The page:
When Justin Verlander publicly claimed that MLB was intentionally “juicing” their baseballs this season, not too many people around the league were thrilled.
“Major League Baseball’s turning this game into a joke. They own Rawlings, and you’ve got Manfred up here saying it might be the way they center the pill,” Verlander said back on July 8.
Fast forward to Sept. 12, and MLB is wildly celebrating a new single-season home run record.
6,084 round-trippers had been hit in 2019 coming into Wednesday. The previous mark of 6,105 was set in 2017. The next highest total came back in the 2000-01 season (5,693).
Marcus Semien came to the plate in the top of the 4th inning in Houston last night with the A’s down 1-0.
By then, 20 home runs had already been sent into orbit on Wednesday. The shortstop then blasted a towering solo shot into the left field train tracks at Minute Maid Park. He tied the ballgame. He tied the single-season record at 6,105.
The record was shattered less than 10 minutes later.
Enter another shortstop, Jonathan Villar, in Baltimore. The Dominican native swatted a 93 mph fastball from left-hander Caleb Ferguson over the left field wall at Camden Yard. His 21st long ball of the season gave the Orioles a 5-2 lead over the LA Dodgers.
In doing so, Villar became a fine exclamation point for the “year of the long ball.”
What it Means
MLB and its fans are currently celebrating the peak of a trend that’s been ongoing for a number of seasons. That’s OK.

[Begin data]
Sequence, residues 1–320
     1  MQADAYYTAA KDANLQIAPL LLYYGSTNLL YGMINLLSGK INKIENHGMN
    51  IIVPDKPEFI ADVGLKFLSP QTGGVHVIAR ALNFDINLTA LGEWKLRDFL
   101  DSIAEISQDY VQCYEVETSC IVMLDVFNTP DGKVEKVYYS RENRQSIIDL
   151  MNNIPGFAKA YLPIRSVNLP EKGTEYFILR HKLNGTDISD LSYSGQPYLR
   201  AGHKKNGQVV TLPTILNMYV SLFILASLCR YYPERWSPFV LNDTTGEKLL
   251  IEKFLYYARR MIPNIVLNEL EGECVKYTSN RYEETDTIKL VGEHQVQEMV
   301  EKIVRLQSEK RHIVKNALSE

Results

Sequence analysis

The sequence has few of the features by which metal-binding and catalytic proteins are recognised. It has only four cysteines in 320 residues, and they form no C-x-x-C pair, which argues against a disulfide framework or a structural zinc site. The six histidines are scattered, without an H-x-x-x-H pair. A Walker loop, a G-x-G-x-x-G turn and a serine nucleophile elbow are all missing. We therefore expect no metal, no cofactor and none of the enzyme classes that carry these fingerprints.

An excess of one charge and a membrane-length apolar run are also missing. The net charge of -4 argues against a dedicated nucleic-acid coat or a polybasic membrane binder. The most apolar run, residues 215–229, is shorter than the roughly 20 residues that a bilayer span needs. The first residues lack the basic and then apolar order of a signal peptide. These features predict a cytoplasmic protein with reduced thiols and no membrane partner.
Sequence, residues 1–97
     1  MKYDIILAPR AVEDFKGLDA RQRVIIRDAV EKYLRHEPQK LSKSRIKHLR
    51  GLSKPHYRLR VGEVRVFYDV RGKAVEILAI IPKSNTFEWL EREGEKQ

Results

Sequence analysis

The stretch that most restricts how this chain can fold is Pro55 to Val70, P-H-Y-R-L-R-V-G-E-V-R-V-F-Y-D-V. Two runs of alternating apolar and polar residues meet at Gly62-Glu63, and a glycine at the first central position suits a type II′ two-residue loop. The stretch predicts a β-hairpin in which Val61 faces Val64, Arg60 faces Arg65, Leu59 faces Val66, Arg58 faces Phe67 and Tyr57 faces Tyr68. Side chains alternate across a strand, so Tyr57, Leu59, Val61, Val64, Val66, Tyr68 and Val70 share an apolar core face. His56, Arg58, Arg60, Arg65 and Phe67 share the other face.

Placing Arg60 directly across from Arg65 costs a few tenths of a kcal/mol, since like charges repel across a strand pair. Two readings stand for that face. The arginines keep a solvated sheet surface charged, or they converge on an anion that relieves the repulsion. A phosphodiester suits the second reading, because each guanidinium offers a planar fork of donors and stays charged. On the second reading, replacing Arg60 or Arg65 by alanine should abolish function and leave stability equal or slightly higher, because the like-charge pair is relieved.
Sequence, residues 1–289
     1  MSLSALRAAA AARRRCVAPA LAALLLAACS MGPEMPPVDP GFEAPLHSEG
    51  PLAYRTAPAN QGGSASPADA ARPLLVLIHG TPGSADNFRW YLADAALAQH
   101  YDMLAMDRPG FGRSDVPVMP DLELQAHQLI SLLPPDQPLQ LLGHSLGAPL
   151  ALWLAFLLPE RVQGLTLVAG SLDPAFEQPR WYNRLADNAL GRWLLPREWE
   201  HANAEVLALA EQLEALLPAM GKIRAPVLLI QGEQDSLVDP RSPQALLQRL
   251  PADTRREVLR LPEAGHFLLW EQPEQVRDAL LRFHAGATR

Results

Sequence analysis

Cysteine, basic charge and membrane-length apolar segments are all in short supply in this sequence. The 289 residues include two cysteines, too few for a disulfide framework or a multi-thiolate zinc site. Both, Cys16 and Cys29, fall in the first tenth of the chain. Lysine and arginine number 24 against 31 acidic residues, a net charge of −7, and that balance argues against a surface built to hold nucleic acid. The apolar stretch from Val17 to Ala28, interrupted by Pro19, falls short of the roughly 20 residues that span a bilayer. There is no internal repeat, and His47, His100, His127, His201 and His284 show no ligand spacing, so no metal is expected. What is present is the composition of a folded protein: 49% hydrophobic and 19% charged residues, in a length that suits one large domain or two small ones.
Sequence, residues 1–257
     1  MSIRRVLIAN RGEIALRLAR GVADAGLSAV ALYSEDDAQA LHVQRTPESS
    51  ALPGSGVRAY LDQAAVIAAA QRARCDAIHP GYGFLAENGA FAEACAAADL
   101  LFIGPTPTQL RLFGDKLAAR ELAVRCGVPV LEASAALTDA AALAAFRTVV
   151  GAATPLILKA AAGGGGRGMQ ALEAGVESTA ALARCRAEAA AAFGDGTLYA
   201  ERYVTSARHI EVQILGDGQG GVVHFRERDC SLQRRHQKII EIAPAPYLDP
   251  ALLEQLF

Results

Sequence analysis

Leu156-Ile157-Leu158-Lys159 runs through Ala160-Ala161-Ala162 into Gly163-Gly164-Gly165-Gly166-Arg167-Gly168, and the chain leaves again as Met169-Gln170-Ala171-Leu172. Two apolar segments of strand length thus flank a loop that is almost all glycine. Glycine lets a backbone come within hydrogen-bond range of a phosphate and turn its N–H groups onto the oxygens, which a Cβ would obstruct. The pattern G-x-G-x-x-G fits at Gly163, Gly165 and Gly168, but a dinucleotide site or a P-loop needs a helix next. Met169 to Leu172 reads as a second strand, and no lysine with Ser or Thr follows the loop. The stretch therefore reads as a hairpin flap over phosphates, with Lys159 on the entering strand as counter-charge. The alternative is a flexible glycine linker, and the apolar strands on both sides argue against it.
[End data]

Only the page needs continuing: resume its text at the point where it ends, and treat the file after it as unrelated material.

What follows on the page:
The hitters fittingly broke the record on the 18th anniversary of the 9/11 terror acts in New York. Even more reason to celebrate.
Most baseball fans love the aura of a lone home run as much as they love a starting pitcher striking out 10 hitters.
Yet, something about this season’s uptick in big flies feels special — if not odd. Power numbers are up extraordinarily league-wide. Plenty of other peripheral home run records will be broken before the regular season is complete.
— Daren Willman (@darenw) September 12, 2019
Both the AL and NL will likely break their respective home run records. The NY Yankees and Minnesota Twins can both eclipse new records for most taters by a team. Former Gator and current NY Met Pete Alonso has already mashed more homers than any rookie in history (47).
Whether this is all due to an increase in hitters’ power/strength, an overall increase in “launch angle,” Verlander’s proclaimed “juicing” of baseballs or even a combination of them all, the home run is definitely not leaving anytime soon.
The balls will resume flying today at 1:10 ET.